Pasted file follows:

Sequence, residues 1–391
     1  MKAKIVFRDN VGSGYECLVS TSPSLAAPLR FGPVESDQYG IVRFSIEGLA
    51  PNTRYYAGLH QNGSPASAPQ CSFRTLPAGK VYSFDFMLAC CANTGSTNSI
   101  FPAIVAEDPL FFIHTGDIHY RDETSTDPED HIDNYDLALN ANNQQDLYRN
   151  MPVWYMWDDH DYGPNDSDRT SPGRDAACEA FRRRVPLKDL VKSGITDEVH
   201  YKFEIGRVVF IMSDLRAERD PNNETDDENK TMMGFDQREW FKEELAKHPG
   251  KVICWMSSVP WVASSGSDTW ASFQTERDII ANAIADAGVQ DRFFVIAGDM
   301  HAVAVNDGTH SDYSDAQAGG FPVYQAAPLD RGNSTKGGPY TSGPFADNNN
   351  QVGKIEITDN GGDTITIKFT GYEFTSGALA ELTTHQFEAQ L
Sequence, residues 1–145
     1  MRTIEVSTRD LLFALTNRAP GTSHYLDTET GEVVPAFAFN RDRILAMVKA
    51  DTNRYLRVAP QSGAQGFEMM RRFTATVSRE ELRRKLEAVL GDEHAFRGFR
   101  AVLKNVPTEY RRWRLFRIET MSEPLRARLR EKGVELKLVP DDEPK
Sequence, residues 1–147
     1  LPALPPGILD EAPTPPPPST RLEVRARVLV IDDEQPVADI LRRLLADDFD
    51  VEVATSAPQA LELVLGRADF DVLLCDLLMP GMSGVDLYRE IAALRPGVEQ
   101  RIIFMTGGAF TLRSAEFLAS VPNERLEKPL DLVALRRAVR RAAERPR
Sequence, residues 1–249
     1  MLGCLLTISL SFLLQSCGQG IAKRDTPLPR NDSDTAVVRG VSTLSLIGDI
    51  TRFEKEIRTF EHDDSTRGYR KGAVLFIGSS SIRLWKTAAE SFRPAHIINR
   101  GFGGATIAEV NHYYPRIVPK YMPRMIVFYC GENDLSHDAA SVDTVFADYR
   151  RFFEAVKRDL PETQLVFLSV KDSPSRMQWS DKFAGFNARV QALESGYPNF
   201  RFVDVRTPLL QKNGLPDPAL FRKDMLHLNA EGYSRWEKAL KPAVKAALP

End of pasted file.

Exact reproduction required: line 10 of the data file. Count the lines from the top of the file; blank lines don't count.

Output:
Sequence, residues 1–145